Idan Ben-Barak on writing clearly about complicated science
As I mentioned in my post on The best Australian science writing 2015, Iran Ben-Barak was a runner-up in the Bragg UNSW Press Science Writing Prize in 2015 with his article “Why aren’t we dead yet?” It’s an entertaining article about a complicated subject – pathogens (which are many and varied), the immune system, and how the two deal with each other.
He starts off by saying that in antiquity people thought disease was an act of God, and then, a little later on, they decided disease came from an imbalance of the four humours. Now though, he said, we have
the wonderful world of bacteria and viruses, toxins and free radicals, leukocytes and antigens and antibodies, cytokines and chemokines, MHC molecules and V(D)J recombination and hypervariable antigen binding and CD25+ regulatory T-cells and … It’s enough to make anyone’s head spin.
He goes on to explain that it’s even more complicated because “diseases can be genetic, or infectious, or can be the result of the body’s own workings breaking down in one way or another” and that even this isn’t where it ends because “diseases are caused by a combination of any of the above. For instance: you can’t catch cancer from other people – except for the types that you can. Or: you get infected with malaria by mosquito bites – unless you’re naturally immune to it by virtue of a certain allele of your DNA.” In other words, it’s not a simple story he has to tell. He writes:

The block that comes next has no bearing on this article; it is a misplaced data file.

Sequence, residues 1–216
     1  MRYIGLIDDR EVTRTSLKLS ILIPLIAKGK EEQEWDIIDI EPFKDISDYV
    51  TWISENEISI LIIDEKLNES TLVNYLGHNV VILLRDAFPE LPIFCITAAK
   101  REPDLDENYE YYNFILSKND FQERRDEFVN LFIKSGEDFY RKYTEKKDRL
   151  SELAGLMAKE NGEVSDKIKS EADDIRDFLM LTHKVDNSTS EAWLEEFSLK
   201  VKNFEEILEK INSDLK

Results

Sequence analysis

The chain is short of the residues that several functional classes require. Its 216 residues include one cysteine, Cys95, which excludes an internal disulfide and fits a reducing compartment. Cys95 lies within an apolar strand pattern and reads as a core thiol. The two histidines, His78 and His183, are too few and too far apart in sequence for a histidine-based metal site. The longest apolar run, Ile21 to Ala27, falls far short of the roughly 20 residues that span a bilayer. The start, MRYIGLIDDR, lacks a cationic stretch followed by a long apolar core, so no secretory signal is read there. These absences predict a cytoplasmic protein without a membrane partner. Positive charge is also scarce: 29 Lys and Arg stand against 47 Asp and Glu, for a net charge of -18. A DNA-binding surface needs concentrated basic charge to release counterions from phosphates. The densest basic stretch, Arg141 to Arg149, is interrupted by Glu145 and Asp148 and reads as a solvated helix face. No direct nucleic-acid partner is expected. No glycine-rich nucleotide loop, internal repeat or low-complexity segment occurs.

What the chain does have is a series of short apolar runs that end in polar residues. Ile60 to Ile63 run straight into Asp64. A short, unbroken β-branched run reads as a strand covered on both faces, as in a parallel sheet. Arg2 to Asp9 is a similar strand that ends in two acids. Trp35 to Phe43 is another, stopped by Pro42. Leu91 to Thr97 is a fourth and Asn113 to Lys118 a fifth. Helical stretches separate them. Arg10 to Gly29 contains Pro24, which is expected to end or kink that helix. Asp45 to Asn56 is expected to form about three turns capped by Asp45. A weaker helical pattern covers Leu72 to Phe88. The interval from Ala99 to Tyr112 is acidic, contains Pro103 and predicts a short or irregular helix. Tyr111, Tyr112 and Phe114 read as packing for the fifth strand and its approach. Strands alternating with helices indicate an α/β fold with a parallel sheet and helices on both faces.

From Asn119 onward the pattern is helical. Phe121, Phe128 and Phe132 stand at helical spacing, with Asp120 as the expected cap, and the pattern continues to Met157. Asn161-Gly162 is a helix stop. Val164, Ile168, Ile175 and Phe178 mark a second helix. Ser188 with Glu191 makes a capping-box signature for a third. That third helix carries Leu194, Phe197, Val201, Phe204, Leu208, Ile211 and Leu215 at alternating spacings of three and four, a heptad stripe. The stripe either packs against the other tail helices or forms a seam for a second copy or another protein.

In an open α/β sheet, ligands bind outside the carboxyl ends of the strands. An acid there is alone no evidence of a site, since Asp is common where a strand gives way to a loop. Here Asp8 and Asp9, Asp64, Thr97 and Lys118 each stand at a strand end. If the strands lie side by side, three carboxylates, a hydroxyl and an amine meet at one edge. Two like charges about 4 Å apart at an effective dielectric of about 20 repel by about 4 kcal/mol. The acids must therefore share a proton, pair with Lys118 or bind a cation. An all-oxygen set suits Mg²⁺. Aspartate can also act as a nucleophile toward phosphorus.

In the meantime, I have a problem. It’s a problem I share with any writer who wishes to drive home the point that something is complicated. Simply saying ‘It’s complicated’ not only doesn’t really convey any of the flavour, but it also sounds sort of lazy. On the other hand, this book is meant to be read by you – the interested layperson or student. It’s not a textbook, and so while laying out the complications in agonising detail would indeed make the point, the reader would suffer for it, and readers don’t tolerate this kind of behaviour anymore; I might find myself unceremoniously tossed back on the bookshelf, and it’s cramped up there.
I enjoyed his style. I learnt a lot about how complicated our immune system is and why it is so hard to find cures and treatments for the myriad diseases we contract. I also learnt the value of having writers around who can make science comprehensible to laypeople like me.